When William H. Macy talks about movies, it’s with the authority of an acclaimed actor who’s been in many beloved films and TV shows.
But not even Macy can explain why his “gotta see” films — “Chicago,” “The Bridge on the River Kwai,” and “Glengarry Glen Ross” — turned out so great.
“There is a touch of magic that happens when a film goes from really good to great,” he says. “I don’t know what it is. If I did, I’d be a lot richer and a lot more famous. They’re films that worked. It’s easy to deconstruct them and figure out why they worked, but it’s a small target, man.”
Macy marvels at how the two Broadway hits, “Chicago” and David Mamet’s “Glengarry Glen Ross,” were translated to the screen. “Dave Mamet is not easy. His dialogue is complex. It’s musical. It’s hard as hell to memorize. It literally feels good to say some of those speeches. It just feels good coming out of your mouth. They’re that clever.”
Of “Chicago,” he says, “It’s a great musical, great music, great story.” But he adds “Filming musicals has been fractious. It works sometimes, but (stage and screen) are two different animals. I thought ‘Chicago’ was just wonderfully done.”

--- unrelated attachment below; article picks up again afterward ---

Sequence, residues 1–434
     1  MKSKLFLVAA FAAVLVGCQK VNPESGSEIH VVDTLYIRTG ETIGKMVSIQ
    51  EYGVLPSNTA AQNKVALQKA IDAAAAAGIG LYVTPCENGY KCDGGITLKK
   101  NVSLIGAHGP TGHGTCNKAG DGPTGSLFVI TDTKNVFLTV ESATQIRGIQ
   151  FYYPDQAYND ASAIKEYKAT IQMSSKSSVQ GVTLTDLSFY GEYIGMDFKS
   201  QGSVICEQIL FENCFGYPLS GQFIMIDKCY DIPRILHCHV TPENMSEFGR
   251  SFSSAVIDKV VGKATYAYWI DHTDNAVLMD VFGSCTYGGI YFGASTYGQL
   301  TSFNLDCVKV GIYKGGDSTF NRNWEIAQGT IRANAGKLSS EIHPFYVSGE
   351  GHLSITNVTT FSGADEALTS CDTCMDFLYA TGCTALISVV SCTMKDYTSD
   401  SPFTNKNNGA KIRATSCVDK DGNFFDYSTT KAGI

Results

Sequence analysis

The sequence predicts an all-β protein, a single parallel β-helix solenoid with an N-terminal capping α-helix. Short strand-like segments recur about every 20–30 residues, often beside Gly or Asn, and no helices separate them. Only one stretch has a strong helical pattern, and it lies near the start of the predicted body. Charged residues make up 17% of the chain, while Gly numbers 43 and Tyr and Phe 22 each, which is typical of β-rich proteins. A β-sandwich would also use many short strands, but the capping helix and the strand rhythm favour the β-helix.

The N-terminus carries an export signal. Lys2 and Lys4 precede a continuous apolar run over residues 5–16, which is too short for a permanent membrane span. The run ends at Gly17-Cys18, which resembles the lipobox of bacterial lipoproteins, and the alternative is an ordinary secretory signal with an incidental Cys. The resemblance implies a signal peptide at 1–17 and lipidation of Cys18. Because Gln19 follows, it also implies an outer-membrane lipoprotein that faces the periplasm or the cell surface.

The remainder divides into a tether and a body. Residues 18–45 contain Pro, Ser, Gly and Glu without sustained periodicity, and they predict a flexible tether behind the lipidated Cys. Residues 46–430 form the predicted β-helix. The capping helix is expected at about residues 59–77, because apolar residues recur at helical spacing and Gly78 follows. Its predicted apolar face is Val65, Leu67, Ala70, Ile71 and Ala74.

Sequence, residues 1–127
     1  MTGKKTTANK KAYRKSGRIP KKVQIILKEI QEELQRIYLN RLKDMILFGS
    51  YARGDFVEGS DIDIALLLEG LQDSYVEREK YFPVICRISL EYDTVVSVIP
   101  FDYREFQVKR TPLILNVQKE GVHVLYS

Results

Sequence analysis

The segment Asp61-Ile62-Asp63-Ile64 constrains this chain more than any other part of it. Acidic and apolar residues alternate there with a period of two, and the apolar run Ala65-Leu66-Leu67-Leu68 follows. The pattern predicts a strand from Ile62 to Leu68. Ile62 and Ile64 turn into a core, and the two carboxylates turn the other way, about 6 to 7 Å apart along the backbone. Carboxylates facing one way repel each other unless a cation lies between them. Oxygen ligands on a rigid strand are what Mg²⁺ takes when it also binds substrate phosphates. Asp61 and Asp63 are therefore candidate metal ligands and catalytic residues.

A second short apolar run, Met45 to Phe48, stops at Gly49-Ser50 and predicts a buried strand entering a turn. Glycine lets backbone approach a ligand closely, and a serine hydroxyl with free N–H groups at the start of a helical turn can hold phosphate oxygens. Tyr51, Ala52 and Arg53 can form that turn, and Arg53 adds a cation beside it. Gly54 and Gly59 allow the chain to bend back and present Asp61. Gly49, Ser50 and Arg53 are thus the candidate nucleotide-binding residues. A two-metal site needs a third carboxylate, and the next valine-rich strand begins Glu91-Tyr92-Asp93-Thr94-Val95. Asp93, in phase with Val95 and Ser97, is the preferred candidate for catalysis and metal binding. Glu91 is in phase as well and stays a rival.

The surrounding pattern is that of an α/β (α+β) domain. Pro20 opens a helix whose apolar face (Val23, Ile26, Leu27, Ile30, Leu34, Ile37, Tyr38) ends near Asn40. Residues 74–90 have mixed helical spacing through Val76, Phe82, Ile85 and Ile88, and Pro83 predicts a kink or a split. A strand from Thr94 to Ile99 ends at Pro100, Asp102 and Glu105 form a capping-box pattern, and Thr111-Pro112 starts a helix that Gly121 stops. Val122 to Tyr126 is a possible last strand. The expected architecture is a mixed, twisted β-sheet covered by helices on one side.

David Lean’s “The Bridge on the River Kwai” is a World War II picture, but Macy admires its relative lack of violence. Paradoxically, he’s always wanted to make a war film, but violence onscreen repulses him.
“You kill someone; that’s dramatic. You kill 40 people, and that’s just pornography. It doesn’t mean anything. One person means something. That’s why I like ‘The Bridge on the River Kwai.’”
To watch Macy’s “gotta see” films, “Chicago,” “Glengarry Glen Ross,” and “The Bridge on the River Kwai,”* and other movies like these, start your Tribeca Shortlist free, seven-day trial here.
*Titles subject to availability